March 9, 2012
VIRGINIA POSTREL: TAKE THE BIRTH-CONTROL BATTLE OVER-THE-COUNTER.
Anyone — a local teenager, a traveling businessman, a married mother of four, an illegal immigrant, even a student at a Jesuit university — can walk into my neighborhood CVS any time, day or night, and, for less than $30, buy a 36-count “value pack” of Trojan condoms.
That’s enough to last most Americans at least three months, according to Kinsey Institute surveys. If you want more, you can buy out the store’s entire stock. There’s no limit, and you don’t need to see a doctor for permission and a prescription.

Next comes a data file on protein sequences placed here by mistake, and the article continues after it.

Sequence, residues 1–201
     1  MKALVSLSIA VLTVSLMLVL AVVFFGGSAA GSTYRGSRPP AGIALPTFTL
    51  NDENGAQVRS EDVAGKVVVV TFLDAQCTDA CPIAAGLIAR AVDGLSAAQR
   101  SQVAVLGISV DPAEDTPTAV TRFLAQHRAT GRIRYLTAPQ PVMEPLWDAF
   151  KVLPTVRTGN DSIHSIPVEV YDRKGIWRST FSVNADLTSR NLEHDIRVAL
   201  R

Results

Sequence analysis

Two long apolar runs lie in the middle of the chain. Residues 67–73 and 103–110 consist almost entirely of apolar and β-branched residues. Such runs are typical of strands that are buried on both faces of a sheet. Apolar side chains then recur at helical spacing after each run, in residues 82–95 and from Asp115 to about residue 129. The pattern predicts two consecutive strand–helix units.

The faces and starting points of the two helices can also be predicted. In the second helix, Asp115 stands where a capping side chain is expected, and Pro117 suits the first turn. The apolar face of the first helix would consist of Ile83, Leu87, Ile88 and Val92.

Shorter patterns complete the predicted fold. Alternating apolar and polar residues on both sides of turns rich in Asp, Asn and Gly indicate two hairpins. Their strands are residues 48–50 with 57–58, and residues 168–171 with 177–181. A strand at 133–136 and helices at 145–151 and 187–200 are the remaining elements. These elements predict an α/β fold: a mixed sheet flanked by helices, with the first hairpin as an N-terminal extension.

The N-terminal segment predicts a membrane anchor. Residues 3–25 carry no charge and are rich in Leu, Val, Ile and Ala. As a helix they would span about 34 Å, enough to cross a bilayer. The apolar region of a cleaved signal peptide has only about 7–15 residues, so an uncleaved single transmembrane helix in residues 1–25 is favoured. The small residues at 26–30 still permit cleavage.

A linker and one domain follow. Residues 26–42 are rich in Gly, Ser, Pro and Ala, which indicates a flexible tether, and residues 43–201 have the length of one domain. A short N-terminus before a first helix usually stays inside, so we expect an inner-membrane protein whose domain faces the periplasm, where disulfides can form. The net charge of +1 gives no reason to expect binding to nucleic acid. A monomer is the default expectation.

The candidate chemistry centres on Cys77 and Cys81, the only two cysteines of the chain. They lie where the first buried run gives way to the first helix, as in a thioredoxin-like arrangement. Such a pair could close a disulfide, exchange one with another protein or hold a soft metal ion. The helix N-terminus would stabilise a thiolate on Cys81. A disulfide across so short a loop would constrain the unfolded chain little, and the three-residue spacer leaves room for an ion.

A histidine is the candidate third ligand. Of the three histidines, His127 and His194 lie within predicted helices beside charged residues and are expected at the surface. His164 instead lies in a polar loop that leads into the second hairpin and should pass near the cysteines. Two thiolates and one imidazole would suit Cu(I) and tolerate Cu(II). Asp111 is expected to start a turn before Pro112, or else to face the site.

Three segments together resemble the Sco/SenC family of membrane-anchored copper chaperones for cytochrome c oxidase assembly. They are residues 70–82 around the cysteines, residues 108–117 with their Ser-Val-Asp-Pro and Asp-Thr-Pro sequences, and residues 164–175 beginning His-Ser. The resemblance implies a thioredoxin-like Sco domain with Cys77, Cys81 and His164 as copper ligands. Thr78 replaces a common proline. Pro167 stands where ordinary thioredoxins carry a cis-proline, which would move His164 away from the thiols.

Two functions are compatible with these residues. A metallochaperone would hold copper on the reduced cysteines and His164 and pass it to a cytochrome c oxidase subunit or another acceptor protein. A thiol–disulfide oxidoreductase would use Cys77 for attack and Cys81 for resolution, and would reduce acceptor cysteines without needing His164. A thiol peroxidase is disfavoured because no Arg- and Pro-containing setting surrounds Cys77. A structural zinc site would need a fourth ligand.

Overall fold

Contrary to widespread belief, there’s no good reason that oral contraceptives — a far more effective form of birth control — can’t be equally convenient.
True, making the pill available over the counter could reduce the amount of outrage and invective available for entertaining radio audiences, spurring political fundraising and otherwise amusing the American public. But the medical risks are quite low.
Well, my wife’s heart attack was probably caused by birth-control pills. On the other hand, the need for a prescription didn’t protect her. And, of course, OTC drugs have risks, too.